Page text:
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No Shame in Breastfeeding: Ashley Nicole and other Actresses & Models who Social Media shared photos of themselves Nursing

So a couple years ago, R&B singer Eric Benet shared a photo of his wife Manuela Testolini via Instagram, breastfeeding his newborn daughter. He shot the pic because the baby was incidentally holding up her fingers in what looked like a peace sign. Benet didn’t consider the fact that his wife’s breast was exposed at the time.

Well, he got the backlash of his life from people who, apparently, believe breasts should only be shown in social media when squeezed inside teenie tiny bikinis or bursting out the side of an A-lister’s red carpet dress. When shown nourishing a baby it elicits all sorts of queasiness and uneasiness among audiences. 
For too many people,  breasts are sexual and should only be shown or used as sexual objects. The idea of a baby nursing makes them uncomfortable and they simply cannot handle it. 
Take II.
Two years later, it’s 2014 and Miami Dolphins linebacker Philip Wheeler‘s girlfriend model Ashley Nicole decided to take to her Instagram page to share a photo of herself breastfeeding her baby on the run.
“Was on the way out the door but then mommy duty called,” she captioned the above photo “…Everything stops for him! #breastisbest #natureisbeaufitul”
Nice.
Not so fast, you nursing advocates.
In no time, the image went viral and all sorts of folks who apparently grew up learning to be ashamed of something as natural as nursing went to town, cursing out the mom, calling her all sorts of names on her own Instagram page which many of them had never ever before frequented.  Yeah, going all out of their way to leave whatever website they were trolling or stalking to go to this woman’s page and berate her.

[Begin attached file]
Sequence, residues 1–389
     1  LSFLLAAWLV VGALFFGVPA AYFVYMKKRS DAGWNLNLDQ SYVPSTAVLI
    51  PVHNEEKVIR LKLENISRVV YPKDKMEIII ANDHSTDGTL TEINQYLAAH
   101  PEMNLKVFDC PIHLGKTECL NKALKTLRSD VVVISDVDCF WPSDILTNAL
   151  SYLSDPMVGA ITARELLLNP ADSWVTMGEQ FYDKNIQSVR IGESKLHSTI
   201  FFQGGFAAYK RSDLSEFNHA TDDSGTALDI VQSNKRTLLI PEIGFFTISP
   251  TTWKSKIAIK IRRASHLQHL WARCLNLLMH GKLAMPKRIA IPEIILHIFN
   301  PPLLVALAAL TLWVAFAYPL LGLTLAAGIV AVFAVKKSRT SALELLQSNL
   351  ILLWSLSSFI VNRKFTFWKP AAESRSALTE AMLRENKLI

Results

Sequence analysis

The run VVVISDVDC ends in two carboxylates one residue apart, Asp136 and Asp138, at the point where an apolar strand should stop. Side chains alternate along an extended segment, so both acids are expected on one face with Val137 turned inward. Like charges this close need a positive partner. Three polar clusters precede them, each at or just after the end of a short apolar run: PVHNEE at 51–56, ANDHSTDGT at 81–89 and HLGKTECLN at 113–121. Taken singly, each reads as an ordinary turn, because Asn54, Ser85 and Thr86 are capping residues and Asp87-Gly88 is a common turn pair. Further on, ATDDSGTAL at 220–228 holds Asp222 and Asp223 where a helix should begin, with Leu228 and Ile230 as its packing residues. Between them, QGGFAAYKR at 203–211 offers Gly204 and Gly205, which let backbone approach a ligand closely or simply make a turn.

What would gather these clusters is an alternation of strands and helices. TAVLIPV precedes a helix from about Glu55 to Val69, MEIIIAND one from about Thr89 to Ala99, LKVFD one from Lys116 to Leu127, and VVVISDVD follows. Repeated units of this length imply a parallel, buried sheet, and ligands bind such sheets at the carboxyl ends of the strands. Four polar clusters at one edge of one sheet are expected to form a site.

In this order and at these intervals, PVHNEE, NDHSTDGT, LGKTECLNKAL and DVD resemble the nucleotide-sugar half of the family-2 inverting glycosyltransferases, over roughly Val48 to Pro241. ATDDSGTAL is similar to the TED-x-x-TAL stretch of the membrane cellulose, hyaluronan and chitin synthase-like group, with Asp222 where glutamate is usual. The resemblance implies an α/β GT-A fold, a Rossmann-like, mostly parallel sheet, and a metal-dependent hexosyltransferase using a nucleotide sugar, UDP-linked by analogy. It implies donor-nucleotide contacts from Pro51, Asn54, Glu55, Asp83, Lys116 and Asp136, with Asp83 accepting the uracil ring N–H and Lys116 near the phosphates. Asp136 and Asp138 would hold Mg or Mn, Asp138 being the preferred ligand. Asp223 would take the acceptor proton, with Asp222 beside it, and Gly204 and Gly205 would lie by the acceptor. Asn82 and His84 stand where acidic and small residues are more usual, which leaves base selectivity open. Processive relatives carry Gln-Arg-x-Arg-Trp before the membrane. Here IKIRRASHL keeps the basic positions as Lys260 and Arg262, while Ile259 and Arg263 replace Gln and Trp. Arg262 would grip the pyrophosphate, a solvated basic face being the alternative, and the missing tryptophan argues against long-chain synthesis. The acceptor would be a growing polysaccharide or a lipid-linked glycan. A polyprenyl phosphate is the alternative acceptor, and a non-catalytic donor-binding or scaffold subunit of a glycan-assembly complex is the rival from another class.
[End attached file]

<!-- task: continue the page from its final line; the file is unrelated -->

*sigh*
I could blame  sites like TMZ  and  Bossip which posted about the story asking “Is it inappropriate” and certainly siccing their legions of followers on the poor woman.
I hate people sometimes. 
Some said the photo and words were not shared to advocate for breastfeeding but to draw attention to mom who is a Ford model and was well-dressed and in shades. Why stop to get a third person to take a photo for Instagram, if it was just natural and incidental, they ask? Only, she was dressed to go out at the time as she mentioned in the photo and she probably figured while stopping to breastfeed, she might as well share the moment with her followers and promote breastfeeding at the same time. Kill two birds with one stone.
The bullying was so intense Wheeler told TMZ Sport that people should back off .

“”I wish everybody would just leave it alone,” Wheeler said. “She’s a model. She takes pictures for a living.”a

Nicole eventually deleted her Instagram account altogether!

Good grief!
According to the Center for Disease Control, 26% of babies are never breastfed.